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I’m driving down the road and I see a woman with a baby stroller. She is staring at a little something in her hand, I can only suppose it is a telephone of some sort. She is probably reading a very important text message from a friend on her phone. Could be the tenth or twentieth very important message that she has received from that same friend today. Meanwhile I note that it is a beautiful autumn day, mild breeze, cool temperature, leaves of many colors and shapes scattered round the stroller where her infant lies, ignored.

The problem with much technology is that it takes us out of context. I wrote several months ago about running with earplugs pumping music into my head. In doing so, I missed things like birdsong and the whispering of breezes in the trees that line the road. I have never liked the idea of running on a treadmill. It’s tedious and artificial compared to actual running outdoors, where I get fresh air and experience the changes of the seasons. But carrying a little radio in my pocket and listening to music while I run removes me one step from the experience at hand.

I read an article yesterday about productivity at work. One of the techniques the productivity expert recommended was to leave your mobile phone or your Blackberry (he called it a ‘crackberry’) at home one day of the week. He suggested Saturday. I wonder how many people truly have to be advised to stop their constant communication with work during the weekend hours? What kind of life is it if you are always, more or less, ‘on call?’

But the thing is, it’s not just work. Increasingly, all of us, all the time, are on call. Almost everyone I know carries a telephone. They turn around and drive back home if they discover they’ve left for any outing, no matter how brief, without it. Then there’s social media, Facebook, Twitter, et al. The classic line in a postcard sent to friends or family, when someone is visiting a place remarkable for its scenery or architecture or just its climatic ambiance is ‘wish you were here.’ Now, we try to make them be here, in real time. We send tweets or post updates to Facebook saying, ‘I am hiking in the forest,’ or ‘I am walking on a beautiful starlit beach’–to which I want to respond, well, you were, but now you’re typing messages on your smart phone.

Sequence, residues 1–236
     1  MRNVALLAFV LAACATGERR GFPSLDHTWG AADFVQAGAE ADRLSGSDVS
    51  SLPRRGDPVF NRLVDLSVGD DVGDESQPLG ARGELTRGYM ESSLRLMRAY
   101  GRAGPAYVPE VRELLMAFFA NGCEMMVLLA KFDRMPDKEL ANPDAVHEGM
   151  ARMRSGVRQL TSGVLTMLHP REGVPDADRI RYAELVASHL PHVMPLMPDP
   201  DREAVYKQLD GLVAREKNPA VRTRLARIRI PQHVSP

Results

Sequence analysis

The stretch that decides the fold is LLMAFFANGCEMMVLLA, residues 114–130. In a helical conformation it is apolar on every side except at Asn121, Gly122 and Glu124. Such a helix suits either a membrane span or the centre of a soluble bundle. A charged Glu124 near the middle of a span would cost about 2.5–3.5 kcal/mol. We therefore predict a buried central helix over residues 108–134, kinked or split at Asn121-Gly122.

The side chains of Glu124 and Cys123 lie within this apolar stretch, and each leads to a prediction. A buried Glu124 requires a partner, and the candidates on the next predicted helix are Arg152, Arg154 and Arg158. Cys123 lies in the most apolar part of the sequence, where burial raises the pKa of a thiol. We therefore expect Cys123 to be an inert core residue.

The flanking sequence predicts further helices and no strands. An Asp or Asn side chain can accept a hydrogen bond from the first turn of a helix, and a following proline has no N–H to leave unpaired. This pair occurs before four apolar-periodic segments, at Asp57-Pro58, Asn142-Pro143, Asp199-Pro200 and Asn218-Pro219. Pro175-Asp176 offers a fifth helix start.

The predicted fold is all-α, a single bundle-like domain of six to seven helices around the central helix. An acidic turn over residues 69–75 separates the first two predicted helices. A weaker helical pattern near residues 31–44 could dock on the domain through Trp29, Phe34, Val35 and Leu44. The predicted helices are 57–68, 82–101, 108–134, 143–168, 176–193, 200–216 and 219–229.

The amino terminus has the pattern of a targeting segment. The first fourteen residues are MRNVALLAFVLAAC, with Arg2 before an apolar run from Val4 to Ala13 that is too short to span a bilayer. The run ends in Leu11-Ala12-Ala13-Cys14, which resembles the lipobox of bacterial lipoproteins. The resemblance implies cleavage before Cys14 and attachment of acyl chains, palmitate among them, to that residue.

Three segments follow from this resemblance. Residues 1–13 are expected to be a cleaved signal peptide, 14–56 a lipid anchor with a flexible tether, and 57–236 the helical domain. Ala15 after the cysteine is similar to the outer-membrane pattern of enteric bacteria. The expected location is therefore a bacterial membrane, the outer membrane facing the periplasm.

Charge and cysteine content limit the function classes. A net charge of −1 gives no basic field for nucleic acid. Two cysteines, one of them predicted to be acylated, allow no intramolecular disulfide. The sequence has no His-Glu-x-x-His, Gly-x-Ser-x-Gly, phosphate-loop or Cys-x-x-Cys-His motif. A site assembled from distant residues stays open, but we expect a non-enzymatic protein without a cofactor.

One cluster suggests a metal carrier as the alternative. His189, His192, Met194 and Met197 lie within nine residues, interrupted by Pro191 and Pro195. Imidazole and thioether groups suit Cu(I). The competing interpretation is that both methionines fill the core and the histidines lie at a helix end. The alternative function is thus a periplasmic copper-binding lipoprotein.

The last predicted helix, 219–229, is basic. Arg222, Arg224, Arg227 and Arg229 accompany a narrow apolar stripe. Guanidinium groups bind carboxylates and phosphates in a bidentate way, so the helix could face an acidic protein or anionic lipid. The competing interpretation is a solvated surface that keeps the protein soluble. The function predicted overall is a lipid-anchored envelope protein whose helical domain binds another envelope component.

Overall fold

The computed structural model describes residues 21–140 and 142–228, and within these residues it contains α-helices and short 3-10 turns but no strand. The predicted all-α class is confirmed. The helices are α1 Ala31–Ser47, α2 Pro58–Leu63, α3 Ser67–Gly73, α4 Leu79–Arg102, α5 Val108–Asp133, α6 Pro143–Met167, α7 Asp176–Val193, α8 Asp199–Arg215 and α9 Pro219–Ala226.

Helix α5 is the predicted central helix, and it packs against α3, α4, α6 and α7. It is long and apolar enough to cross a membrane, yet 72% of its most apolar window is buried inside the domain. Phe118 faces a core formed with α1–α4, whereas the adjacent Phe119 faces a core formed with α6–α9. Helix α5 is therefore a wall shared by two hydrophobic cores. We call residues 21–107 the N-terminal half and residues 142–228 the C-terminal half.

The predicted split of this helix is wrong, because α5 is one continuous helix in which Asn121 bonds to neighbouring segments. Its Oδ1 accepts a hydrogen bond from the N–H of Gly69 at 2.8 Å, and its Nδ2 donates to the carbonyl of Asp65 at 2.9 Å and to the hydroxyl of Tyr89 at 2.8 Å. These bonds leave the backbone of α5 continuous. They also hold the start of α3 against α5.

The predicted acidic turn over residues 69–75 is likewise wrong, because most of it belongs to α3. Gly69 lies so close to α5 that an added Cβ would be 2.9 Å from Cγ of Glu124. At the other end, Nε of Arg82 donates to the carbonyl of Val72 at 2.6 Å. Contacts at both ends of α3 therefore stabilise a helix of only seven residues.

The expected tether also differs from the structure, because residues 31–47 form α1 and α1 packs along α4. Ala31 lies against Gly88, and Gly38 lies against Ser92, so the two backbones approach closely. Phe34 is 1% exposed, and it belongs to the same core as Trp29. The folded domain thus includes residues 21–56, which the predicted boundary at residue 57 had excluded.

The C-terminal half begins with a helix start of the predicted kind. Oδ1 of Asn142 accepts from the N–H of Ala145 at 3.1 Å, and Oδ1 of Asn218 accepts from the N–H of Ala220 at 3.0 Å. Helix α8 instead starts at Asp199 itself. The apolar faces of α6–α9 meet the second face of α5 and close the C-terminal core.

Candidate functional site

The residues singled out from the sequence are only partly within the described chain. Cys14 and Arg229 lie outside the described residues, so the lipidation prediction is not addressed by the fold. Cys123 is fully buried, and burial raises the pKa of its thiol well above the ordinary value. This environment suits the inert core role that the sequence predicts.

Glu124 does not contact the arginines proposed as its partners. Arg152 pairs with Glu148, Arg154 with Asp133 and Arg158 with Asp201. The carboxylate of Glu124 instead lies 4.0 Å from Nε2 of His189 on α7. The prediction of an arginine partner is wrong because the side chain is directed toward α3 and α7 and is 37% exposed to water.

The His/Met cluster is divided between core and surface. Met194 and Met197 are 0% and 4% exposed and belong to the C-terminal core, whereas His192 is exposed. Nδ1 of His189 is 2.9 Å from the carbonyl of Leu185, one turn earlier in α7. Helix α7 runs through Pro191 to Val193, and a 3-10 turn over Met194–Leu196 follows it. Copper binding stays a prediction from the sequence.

I am not the biggest fan of e-books, but I do read some. I use a Nook, a simple Nook that is only an e-reader. But already, people are starting to read on iPads and other devices that do many more things. People who really dislike e-books complain that they provide none of the tactile, almost sensual experience of holding a paper book and flipping pages. I understand the feeling, though I think I can get past it. What I can’t get past is the thought of diluting the intellectual and emotional experience of engaging with a text for an extended period because the device I am reading it on can also take me online to send messages, receive updates, and play games.

At work these days, I am in the middle of a project to build a new library. I attend weekly meetings with the general contractor, the architect and the construction manager. Each of these people sets a telephone on the table at the start of the meeting. They are courteous enough to turn off their ring tones, but you see them, during the course of the meeting, tapping its screen, checking on incoming messages, barely able to wait to get onto more important meetings than this one. I am the only person who is fully here, engaged only with what is happening in front of me.

We need to preserve context, which is a way of saying we need to try living in the moment we’re in. In my work and study about the seasons, I am always urging people to learn ways to live in the seasons, to observe the changes of the yearly cycle, to get out and experience them, even if only in small ways. It can enrich your life. It slows things down, makes it seem less like life is just zipping by in an endless round of work days and errands. But we are moving in the opposite direction. When we read, we are also somewhere else. When we talk with friends, we are also somewhere else. When we are working, eating a meal, watching a movie, grocery shopping, doing almost anything imaginable, we are also somewhere else. We are out of context in everything we do. How will we ever learn to experience nature in our daily lives, if we cannot even experience a conversation with a friend without it being diluted by technological intrusions?

And don’t think that I am unaware of the irony that as soon as I finish this post, I will post it to Facebook, Twitter, and Linkedin, in addition to WordPress. When I say ‘we,’ I mean we. I’m working on it. I truly am.